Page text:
The MLS SuperDraft athletes were far from the only Kentucky losses this past offseason. Other massive names within the program such as Lucca Rodriguez, Danny Evans, co-captain Robert Screen and Trey Asensio simply ran out of eligibility. Others, like German midfielder Nick Gutmann, decided they were ready to move on from college. Gutmann would later sign a contract with German semi-professional soccer club Eintracht Norderstedt.

There are certainly familiar faces on this Kentucky roster and even veterans including Martin Soereide, who will miss the beginning of the new season after having his leg snapped in half at the end of last season, Casper Grening, who finished last season as the team’s second leading scorer, Mason Visconti and Brennan Creek.

There are also returning underclassmen who made a serious impact last season such as sophomore goalkeeper Casper Mols and sophomore defender Max Miller.

All that said, the truth remains that, looking over Kentucky’s roster, the Cats are filled to the brim with new faces. In fact, the team’s season opener, a 3-0 thrashing of Florida Gulf Coast (FGCU), saw UK be composed of close to 50% new faces. That number is over half if one considers sophomore Mathias Yohannes who, despite being within the program last season, did not see the field.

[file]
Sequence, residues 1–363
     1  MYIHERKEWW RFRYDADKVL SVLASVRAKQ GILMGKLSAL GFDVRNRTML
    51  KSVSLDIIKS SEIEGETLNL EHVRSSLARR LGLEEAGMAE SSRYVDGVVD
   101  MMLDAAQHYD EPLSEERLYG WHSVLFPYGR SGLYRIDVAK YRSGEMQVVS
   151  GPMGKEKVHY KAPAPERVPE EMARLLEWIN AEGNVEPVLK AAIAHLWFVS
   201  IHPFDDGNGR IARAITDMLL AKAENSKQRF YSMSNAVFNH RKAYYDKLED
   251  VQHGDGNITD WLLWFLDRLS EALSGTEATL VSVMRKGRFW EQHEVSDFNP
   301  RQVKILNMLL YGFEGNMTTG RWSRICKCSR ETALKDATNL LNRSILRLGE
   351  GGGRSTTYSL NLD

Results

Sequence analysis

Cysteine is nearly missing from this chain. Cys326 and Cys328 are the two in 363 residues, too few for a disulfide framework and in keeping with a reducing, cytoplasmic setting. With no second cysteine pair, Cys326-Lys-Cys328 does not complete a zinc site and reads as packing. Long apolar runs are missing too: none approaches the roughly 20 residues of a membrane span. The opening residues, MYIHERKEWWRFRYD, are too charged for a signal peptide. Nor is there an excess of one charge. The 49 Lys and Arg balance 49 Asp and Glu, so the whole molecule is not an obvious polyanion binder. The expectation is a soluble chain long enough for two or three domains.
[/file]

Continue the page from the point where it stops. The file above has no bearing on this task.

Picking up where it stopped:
Two freshmen, Marqes Muir and Alfred Baafi, were given the starting nod in the match while three transfers, UC Santa Barbara’s Finn Ballard-McBride, Lafayette’s Eoin Martin and Louisville’s Aboubacar Camara, and Yohannes also were also a part of the starting 11.

Kentucky celebrates after the Kentucky vs. FGCU mens soccer match on Thursday, Aug. 24, 2023, at the Wendell and Vickie Bell Soccer Complex in Lexington, Kentucky. Kentucky wins 3-0. Photo by Abbey Cutrer | Staff (Abbey Cutrer)

To add to that, the Cats’ bench was composed of 85% (6/7) new faces with the only returner being veteran Ben Damge.

Simply put, this is a very new Wildcats squad. For the first time since the COVID-19 pandemic, Cedergren has been forced to properly rebuild a roster, though he seemed to be up to the challenge.

“I think COVID spring then fall ‘21 and ‘22 there were slight tweaks that we had to do with two or three guys but with seven guys going pro after last fall of course it’s a bigger rebuild this year,” Cedergren said. “I think we did a really good job being intentional and planning on losing lots of guys from last fall, it’s easier now with the transfer portal. We were able to replace guys a little earlier with a little better players, maybe than we did in 2019.”

Coming off the success of last season, Kentucky was awarded the No. 3 slot in the preseason Men’s NCAA Division 1 College Soccer Rankings by United Soccer Coaches and projected to finish first in the Sun Belt’s preseason poll.